Mergers and acquisitions can be a great way to grow a business. It is an effective way to grow market share, acquire technology or talent, expand into new geographic locations, increase economies of scale, etc. It also has drawbacks. Aside from it being an expensive way to grow, it is a marriage of two companies that have preexisting identities and cultures. Effectively combining the two to make one new organization has been a challenge for senior leaders over the decades. In fact, more than
Tuesday, March 17, 2015
In another conversation with the wisest man I know, he provided an insightful view of what it has meant to be human. From childhood, we are told what it means to be human. Except, no one knows how the idea of being human was created. And we live with the belief that what we have learned about being human is the truth that has been written in stone.
In this conversation he got straight to the point. It was as though he had been waiting with abated breath to expound on his discoveries and recite them to me in a way that would disrupt what I called reality.
He said the following: People seek
Tuesday, March 10, 2015
Sometimes you hear about managers who do not communicate clearly or effectively. They may be concerned that people know they lack knowledge about a topic. As a result, the manager keeps thoughts to herself. Other times, a leader may be afraid of being wrong. So they do not allow for engaging conversations that promote disagreement. When this happens, there is a much larger impact on the organization as a whole if the managers are not having the right conversations with employees.
The obvious outcome is a dysfunctional organization where no one communicates clearly because leadership has set the tone. I ask that you consider other important issues.
As a manager, you should be thinking about
Wednesday, March 4, 2015
The dilemma for many CEOs is that they initially moved up the ladder because of their ability to solve problems and drive solutions. They are used to having the right answers and having their expectations met. While that is a great position to be in, there is a flip side. When you learn to trust yourself and you are usually right, you expect others to follow you and the yes-man culture is born.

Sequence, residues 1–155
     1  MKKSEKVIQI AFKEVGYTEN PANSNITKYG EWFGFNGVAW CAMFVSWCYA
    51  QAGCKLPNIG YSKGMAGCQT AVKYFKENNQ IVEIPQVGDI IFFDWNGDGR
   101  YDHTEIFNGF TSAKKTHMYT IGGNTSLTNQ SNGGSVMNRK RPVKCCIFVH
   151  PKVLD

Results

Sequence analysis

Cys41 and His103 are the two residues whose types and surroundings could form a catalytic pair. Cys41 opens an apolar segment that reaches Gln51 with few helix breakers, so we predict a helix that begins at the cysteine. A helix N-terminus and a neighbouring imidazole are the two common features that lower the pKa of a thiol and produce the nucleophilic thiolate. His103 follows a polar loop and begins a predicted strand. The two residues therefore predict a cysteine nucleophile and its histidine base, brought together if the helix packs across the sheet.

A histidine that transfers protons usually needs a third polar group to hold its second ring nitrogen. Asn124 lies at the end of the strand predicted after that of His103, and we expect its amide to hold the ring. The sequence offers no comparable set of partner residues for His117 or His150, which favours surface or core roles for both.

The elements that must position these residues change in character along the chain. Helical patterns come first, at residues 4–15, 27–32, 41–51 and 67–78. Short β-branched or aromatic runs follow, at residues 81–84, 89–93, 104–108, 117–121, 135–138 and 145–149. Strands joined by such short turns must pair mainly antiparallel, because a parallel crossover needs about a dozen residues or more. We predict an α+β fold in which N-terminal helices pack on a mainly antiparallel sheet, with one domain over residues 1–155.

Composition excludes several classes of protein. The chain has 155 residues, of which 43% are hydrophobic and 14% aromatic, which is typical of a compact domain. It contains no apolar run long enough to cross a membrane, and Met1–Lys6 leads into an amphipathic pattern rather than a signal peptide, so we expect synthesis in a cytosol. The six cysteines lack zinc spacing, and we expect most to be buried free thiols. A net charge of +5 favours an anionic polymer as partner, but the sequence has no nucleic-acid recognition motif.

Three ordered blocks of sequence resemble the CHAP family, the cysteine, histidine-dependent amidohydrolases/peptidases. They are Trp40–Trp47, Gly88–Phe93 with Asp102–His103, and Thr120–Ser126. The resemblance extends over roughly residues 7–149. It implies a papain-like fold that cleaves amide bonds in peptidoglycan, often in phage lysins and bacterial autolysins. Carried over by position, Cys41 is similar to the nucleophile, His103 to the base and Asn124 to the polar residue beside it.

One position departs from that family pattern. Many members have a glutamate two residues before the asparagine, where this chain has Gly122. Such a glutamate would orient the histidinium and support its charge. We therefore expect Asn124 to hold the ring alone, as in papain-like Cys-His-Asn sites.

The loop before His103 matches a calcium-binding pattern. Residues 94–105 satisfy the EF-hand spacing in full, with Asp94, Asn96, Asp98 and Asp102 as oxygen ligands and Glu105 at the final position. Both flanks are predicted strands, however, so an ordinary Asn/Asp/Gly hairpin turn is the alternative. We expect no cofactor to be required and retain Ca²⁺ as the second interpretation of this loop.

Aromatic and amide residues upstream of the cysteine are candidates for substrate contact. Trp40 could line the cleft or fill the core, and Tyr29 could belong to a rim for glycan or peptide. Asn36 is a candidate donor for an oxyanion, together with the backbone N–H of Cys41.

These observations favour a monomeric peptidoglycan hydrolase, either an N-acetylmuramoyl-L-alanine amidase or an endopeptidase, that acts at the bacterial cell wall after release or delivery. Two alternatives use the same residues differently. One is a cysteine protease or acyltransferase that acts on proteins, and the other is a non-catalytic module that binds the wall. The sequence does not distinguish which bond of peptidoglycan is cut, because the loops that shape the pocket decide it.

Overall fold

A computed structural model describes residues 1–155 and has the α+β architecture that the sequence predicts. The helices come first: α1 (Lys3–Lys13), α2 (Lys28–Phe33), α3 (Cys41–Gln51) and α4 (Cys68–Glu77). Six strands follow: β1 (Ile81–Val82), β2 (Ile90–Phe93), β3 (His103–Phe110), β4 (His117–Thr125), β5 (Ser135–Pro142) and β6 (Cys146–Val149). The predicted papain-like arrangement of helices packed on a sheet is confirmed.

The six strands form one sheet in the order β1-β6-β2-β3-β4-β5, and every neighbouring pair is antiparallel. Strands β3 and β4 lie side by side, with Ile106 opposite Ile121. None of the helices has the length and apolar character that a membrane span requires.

The yes-man culture gets its name because people become accustomed to doing things the CEO’s way. Employees assume that the CEO will always
Tuesday, February 24, 2015
A formal education is a great place to gather information. To ensure we memorize that information, we are given homework and class assignments. Then the instructor administers tests to see how much information we retained. If you pass those tests, many believe they have earned the title of being the best at their craft. What those people fail to realize is that they only know information. To be the best, takes training and practice. In most cases, that requires a specific focus on initiatives to develop mastery of skills and competencies.
While a formal education is important, it is not necessarily the path to master one’s craft. Education provides information and information does not cause action. For example, many people have information on how to
Tuesday, February 17, 2015
I often tell people they have nothing to do with what they think, say and do. As you can imagine, the overwhelming majority refute that statement. They make the claim they have everything to do with what they think and do. In fact, they believe they have control over themselves. I say control is a myth and it’s a waste of time to focus on it. If you think about it, one cannot even stop the bedlam that occurs in one’s mind. Take it a step further – each of us has inherited that bedlam. Here’s how it starts...
When someone claims to be in control of themselves, I ask a series of questions. The questions begin as follows:
Tuesday, February 10, 2015
On June 14th, 2011, the Wall Street Journal published an article about Miracle Gro. They said “Scotts Miracle-Gro Co. has long sold weed killer. Now, it’s hoping to help people grow killer weed.”
Miracle-Gro generates 64% of their revenue from home improvement stores like Home Depot. However, with people hesitant about the economy, sales are down. So the CEO of Miracle-Gro, Jim Hagedorn, says he is looking for
Tuesday, February 3, 2015
For most, constant improvement is satisfactory. It’s a way to become better over time and progress to self-actualization. For an extraordinary person, breakthroughs and world records are a source of empowerment. It is not simply about improvement. Most people explain those results away with things like luck, right place at the right time, genetics, family had money, etc. Perhaps the key that distinguishes those two groups is the very thing most people avoid. What could be so important? Yet, so discouraging?
Tuesday, January 13, 2015
In the 1950s, the US was responsible for approximately 30% of international trade. Today, the US accounts for only 10%. After WWII, much of the world was in shambles. They depended on the US to supply capital, labor, services and materials. In the 21st Century, those same countries that depended on us are our competitors.
The CEOs of the 1950s had it easy compared to CEOs of the past 20 years. Business was predictable back then. Market size and customer demand grew at a steady and manageable pace. In today’s global